With conversations about representation growing—President Trump’s most recent attack against four junior congresswomen being the newest example of growing racial tensions here in the US—it’s important to address arguments as they emerge. The most recent debate around representation has centered around Disney’s most recent decision to cast “Little Mermaid” lead with a dark-skinned young woman. While black advocates and Liberals applaud the choice, a counterargument has risen among conservatives: why is it okay to give white (predominantly straight) roles to People of Color (POC) or those of differing orientations or genders but it’s not socially acceptable to cast a white person in the role of a minority? If you need examples think of Scarlett Johansson in “Ghost in the Machine” or Tilda Swinson in “Doctor Strange”; both white women taking over traditionally Asian roles.

The simplest answer is the most obvious: the majority of all acting roles (from writing to screen) are given to white actors and actresses. So overwhelming is the favoritism of white actors on screen that rare occasions when a role is specifically designed for a POC but instead finds a Caucasian individual cast has given rise to the term “white-washing”.

White-washing is fundamentally different from diversifying traditionally white roles because statistically there are still more opportunities for white actors than there are for actors of color. Non-white, non-heterosexual actors also face an issue of typecasting: gay actors as comedic, flamboyant support; black actors only finding roles in inner-city movies about poverty or as villains; Asian Americans only getting cast in martial arts films. Therefore, when a minority actor gets cast in a traditionally white role this shouldn’t be seen as a detraction but rather as equilibrium.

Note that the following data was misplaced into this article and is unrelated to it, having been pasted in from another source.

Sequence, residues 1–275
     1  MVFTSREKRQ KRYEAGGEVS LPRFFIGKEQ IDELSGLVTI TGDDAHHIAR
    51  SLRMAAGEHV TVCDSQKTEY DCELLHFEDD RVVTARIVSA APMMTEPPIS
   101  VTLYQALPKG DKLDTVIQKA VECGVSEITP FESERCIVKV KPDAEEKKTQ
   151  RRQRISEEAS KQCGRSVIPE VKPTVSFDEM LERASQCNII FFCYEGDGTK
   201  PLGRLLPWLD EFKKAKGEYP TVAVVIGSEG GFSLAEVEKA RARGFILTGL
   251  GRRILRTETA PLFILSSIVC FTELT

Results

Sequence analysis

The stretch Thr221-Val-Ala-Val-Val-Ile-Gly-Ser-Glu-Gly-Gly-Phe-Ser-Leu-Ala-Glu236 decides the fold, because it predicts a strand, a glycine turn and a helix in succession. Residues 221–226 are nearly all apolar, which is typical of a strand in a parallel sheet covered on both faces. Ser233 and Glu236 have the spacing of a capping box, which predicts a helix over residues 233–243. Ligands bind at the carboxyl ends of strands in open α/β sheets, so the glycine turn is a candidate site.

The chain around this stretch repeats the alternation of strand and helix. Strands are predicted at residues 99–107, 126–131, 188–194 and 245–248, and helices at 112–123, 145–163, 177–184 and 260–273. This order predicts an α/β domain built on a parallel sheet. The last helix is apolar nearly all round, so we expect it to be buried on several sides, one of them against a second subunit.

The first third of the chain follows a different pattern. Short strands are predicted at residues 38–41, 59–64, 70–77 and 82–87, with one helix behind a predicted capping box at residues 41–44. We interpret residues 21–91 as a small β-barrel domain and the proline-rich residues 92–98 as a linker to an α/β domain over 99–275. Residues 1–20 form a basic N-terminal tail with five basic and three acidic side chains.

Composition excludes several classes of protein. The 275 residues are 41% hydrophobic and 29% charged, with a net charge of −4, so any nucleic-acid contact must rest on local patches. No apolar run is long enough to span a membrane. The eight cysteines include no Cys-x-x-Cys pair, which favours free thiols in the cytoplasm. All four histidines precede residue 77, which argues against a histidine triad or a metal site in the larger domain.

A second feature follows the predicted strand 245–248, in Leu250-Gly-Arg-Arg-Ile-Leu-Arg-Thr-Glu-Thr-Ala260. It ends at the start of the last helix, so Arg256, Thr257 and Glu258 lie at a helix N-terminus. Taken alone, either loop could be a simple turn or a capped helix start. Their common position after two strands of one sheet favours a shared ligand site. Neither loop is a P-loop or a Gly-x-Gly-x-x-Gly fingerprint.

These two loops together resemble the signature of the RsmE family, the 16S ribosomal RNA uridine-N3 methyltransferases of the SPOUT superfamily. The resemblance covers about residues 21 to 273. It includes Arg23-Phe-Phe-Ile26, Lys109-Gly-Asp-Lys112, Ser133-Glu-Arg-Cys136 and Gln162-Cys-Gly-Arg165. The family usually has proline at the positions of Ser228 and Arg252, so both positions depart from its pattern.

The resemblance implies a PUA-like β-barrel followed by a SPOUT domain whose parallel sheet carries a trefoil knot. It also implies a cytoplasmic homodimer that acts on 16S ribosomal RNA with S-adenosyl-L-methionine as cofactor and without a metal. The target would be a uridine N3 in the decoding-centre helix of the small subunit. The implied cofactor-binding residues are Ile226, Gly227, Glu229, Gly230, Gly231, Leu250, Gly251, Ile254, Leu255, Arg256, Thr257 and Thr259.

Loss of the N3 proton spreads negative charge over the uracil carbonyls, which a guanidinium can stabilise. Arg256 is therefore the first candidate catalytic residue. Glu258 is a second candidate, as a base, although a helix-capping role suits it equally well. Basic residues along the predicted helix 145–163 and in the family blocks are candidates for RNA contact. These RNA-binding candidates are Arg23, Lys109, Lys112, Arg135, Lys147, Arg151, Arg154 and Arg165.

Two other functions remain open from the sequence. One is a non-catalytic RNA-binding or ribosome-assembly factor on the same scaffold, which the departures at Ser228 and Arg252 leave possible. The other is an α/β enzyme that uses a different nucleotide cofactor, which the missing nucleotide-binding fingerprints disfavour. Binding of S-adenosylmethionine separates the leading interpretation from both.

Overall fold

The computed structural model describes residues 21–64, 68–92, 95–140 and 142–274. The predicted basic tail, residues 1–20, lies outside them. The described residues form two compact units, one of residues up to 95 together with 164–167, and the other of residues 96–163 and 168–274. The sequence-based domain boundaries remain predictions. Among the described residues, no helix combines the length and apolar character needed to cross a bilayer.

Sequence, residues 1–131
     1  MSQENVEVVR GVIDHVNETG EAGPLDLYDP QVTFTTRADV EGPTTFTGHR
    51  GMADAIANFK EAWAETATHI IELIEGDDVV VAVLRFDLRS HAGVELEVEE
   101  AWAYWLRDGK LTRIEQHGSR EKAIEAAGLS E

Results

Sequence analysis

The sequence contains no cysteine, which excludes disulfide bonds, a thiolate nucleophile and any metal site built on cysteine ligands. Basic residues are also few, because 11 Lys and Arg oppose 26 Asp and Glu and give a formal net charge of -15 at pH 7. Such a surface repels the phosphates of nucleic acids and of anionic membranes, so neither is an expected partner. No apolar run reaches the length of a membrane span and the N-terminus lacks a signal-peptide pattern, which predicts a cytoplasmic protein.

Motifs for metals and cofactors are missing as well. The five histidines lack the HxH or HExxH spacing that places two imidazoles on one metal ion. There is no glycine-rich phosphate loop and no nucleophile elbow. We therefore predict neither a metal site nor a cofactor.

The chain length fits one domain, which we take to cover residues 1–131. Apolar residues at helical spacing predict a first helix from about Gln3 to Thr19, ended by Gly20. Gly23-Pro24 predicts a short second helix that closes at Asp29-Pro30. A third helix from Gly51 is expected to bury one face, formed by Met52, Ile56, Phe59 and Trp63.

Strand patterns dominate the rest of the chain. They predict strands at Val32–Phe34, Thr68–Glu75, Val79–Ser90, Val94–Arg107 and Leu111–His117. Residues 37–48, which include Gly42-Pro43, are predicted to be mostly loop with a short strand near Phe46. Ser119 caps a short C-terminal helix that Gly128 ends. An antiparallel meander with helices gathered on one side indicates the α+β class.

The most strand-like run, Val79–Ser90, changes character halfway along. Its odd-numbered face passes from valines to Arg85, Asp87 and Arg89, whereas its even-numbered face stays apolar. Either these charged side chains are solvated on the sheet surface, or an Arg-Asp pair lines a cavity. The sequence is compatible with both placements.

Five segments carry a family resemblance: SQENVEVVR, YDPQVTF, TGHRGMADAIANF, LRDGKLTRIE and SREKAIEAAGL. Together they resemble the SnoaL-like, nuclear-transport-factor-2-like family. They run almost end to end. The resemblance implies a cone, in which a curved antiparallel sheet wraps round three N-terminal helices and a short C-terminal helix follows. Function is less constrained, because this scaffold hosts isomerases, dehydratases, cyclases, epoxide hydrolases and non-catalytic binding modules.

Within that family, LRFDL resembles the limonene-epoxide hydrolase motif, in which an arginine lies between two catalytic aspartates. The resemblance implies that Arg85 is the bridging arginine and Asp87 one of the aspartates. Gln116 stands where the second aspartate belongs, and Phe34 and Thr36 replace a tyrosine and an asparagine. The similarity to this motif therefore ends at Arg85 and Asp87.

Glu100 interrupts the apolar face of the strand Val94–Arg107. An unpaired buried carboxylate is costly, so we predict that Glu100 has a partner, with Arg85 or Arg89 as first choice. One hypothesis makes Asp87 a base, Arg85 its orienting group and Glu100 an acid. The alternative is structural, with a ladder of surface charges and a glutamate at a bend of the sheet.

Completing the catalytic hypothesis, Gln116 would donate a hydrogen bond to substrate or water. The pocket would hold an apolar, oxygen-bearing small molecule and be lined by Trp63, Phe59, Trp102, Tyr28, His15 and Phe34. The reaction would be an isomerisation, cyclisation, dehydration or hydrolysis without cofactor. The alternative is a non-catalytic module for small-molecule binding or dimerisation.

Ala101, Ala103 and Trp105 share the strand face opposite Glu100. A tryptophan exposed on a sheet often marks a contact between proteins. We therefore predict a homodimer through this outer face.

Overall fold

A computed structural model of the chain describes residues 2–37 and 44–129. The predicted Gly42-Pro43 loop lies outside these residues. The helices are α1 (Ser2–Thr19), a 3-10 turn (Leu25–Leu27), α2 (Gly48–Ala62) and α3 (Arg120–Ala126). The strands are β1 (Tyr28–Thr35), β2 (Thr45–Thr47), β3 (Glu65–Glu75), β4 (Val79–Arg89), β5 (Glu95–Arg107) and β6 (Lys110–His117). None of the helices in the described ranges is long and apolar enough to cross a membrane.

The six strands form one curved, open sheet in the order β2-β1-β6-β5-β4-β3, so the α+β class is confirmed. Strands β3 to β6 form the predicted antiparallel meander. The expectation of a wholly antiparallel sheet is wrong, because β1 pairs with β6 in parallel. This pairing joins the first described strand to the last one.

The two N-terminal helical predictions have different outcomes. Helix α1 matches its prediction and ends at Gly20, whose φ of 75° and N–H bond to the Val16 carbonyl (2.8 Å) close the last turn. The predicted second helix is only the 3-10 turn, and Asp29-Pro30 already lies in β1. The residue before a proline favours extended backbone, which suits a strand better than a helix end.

POC have scored major victories in representation with the recent casting of Halle Bailey as “The Little Mermaid”’s Ariel and Lashana Lynch taking on the traditionally white and male “007” mantle. Meanwhile, a live-action remake of “Mulan” will feature an entirely Asian cast, and Marvel’s upcoming film featuring superhero Shang-Chi will follow in the steps of the “Black Panther” franchise and feature a nearly entire Asian cast with a Chinese lead. In these latter cases, actors from representative backgrounds will play the roles of the stories being brought to film. A great step in confirming that Hollywood has hopefully become conscious of its bad habit to white-wash leads.

While racial representation has taken great steps forward, the LGBTQ+ community finds itself frustrated with dialogues about casting choices in major features. Scarlett Johansson—who didn’t seem to learn her lesson after being cast in an Asian role—will be playing a transgender man in an upcoming film, while Ewan McGregor will play the first-ever gay supervillain in the upcoming movie “Birds of Prey”. Many are frustrated with these casting choices, believing that openly gay and trans actors should have been given these roles to better represent both communities as they truly exist, rather than how a straight actor interprets their existence.

Scarlett Johansson has been vocal about her casting, stating in an interview with David Salle that “as an actor [she] should be allowed to play any person, or any tree, or any animal because that is [her] job and the requirements of [her] job”. The comment received mixed reviews, elucidating the differences in conversations about race and orientation. While some were supportive of Johansson’s comments as they pertained to orientation, others took offense at the idea that one individual might be able to accurately depict the experiences of a community or identity that wasn’t their own.

Perhaps it’s true that flexibility should be extended to actors, the allowance to step into different roles and identities being central to their work in the first place. But where is the line? At what point does artistic interpretation and expression need to be superseded by representation? Have some thoughts? We’d love to hear from you. Comment below on how you feel about our current representation trends.